74°F

Pa Doctors Test New Emphysema Treatment

Doctors at Pitt and Temple are enrolling patients.
PHILADELPHIA, PENNSYLVANIA - Two million people suffer with emphysema in this country, a debilitating disease that causes irreversible damage to the lungs, making it hard to breathe for patients and difficult to engage in normal activities. Now, doctors at two Pennsylvania Universities are using new therapy that could help folks breathe easier without surgery.

Keeping up with her grandson Justin has not been easy for Linda Creighton. “I would be completely out of breath,” Linda said.

The ex-3 pack-a-day smoker developed severe emphysema a few years ago and was told a lung transplant was her only option. “I guess I went into denial because I know I’m not ready to take that kind of a step,” Linda said.

Now, Dr. Gerard Criner is testing a new non-invasive treatment. “It has the potential to be huge,” Dr. Gerard Criner, Director, Pulmonary and Critical Care Medicine, Director, Temple Lung Center, Temple University School of Medicine said.

Doctors use a bronchoscope to deliver ten tiny coils into the diseased lung. The coils compress the lungs to help restore elasticity. “When it compresses the lung tissue, it actually re-tensions the lung. That increases the recoil of the lung to expand the small airways,” Dr. Criner said.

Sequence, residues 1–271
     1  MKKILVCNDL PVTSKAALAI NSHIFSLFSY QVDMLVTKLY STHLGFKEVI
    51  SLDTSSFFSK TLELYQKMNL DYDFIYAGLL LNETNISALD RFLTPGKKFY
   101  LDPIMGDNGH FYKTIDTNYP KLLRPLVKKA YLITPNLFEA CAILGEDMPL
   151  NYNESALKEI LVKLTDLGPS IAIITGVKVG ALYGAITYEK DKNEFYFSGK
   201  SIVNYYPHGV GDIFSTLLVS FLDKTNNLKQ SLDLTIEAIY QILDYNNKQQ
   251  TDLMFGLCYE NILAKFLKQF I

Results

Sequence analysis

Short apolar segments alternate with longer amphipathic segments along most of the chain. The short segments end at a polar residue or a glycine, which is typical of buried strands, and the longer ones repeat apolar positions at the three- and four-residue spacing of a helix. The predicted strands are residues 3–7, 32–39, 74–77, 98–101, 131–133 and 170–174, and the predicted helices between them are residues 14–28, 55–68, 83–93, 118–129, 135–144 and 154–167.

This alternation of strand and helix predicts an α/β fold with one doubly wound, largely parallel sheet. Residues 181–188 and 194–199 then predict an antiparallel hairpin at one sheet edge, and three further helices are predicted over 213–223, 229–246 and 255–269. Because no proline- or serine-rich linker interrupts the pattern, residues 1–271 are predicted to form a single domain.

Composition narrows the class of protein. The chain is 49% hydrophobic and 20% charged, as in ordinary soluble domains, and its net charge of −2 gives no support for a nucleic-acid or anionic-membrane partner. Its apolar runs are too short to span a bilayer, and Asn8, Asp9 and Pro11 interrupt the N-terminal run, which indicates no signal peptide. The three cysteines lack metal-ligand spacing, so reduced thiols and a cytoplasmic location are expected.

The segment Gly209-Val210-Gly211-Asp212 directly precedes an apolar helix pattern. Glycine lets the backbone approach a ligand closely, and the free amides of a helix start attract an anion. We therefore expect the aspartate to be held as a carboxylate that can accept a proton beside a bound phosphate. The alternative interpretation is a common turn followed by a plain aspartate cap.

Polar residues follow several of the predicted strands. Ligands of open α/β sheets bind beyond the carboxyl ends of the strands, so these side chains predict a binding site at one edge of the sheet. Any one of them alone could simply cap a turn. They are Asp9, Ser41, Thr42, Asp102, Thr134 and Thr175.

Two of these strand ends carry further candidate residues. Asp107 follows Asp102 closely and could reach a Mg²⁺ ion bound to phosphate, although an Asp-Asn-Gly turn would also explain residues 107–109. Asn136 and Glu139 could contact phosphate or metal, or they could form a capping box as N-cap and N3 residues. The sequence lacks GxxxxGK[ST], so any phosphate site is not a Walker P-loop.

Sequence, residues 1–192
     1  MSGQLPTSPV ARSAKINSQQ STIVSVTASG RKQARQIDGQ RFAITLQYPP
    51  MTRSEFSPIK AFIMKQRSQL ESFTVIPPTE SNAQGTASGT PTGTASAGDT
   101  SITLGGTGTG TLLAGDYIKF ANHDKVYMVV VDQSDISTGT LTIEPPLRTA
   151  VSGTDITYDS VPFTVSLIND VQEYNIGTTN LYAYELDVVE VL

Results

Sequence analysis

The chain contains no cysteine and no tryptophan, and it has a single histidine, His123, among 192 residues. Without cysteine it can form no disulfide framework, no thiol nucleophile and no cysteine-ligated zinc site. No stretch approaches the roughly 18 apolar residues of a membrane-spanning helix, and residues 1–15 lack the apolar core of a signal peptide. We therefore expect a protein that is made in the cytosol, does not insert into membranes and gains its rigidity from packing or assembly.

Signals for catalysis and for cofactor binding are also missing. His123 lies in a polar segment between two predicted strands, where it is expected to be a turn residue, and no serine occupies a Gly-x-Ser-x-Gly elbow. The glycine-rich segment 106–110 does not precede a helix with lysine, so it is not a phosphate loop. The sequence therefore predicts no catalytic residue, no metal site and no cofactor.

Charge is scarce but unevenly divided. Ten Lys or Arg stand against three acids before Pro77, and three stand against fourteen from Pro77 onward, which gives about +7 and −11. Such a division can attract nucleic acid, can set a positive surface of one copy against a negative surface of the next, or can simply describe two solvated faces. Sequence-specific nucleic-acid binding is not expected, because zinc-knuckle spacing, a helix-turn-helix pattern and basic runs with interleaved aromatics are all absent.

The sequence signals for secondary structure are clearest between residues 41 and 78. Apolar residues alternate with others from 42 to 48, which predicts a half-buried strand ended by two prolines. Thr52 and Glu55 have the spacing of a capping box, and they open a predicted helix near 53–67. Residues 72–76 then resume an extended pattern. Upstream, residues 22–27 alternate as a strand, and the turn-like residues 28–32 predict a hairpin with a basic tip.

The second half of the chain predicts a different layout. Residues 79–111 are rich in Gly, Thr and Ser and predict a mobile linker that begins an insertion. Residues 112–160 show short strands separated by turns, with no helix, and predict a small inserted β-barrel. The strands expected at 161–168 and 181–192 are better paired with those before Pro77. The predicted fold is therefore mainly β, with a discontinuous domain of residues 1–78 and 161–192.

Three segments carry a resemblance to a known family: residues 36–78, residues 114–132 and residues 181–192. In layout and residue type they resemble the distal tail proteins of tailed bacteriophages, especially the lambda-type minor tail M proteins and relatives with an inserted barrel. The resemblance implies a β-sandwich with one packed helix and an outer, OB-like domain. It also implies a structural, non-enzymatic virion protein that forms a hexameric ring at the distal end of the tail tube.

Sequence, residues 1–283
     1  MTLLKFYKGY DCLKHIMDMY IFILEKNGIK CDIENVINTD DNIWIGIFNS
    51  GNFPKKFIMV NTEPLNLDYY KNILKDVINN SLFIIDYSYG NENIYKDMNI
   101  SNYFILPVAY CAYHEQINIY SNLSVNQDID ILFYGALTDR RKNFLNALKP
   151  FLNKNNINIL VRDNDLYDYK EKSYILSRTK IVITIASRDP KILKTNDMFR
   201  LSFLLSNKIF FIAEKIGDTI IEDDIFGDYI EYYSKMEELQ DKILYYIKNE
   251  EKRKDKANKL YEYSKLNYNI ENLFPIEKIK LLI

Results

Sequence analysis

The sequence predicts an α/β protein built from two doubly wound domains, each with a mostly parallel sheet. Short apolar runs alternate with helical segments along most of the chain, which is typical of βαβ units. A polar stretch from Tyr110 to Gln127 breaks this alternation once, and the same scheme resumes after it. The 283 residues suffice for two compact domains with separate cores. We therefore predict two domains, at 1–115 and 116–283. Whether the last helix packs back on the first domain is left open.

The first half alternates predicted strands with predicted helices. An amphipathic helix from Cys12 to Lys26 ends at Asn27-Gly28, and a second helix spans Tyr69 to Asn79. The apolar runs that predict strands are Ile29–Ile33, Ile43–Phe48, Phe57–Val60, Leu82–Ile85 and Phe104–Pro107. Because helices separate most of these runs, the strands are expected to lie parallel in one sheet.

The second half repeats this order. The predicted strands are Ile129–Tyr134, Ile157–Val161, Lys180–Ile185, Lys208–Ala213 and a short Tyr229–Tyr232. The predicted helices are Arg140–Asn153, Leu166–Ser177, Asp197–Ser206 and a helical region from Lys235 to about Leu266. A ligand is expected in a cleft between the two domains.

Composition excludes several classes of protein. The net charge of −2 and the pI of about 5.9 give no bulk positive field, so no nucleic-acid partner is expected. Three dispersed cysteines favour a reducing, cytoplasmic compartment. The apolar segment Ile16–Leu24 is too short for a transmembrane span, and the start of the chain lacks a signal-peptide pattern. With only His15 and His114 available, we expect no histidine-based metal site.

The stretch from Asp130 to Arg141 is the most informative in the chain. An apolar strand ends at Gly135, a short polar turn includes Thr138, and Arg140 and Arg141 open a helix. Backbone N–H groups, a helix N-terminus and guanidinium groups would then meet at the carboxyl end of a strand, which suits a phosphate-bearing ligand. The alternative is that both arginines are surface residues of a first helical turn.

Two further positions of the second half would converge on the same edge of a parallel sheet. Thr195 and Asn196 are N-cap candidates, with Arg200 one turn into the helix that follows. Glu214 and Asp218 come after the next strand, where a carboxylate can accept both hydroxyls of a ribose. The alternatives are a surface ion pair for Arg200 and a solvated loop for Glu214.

He says patients feel a difference just one hour after the coils are placed; studies done in Europe show an average 18-percent improvement in lung function.

After just one month, Linda could walk 60 percent more than before. “It really has changed my life. It has given me back a comfortable lifestyle of doing things that I normally wanted to do like taking care of my grandson,” Linda said.

Patients in the renew study receive two sets of coils placed four months apart. The multi-center study is also enrolling patients at the University of Pittsburgh. 

Complete list of study locations  

Page: [[$index + 1]]
comments powered by Disqus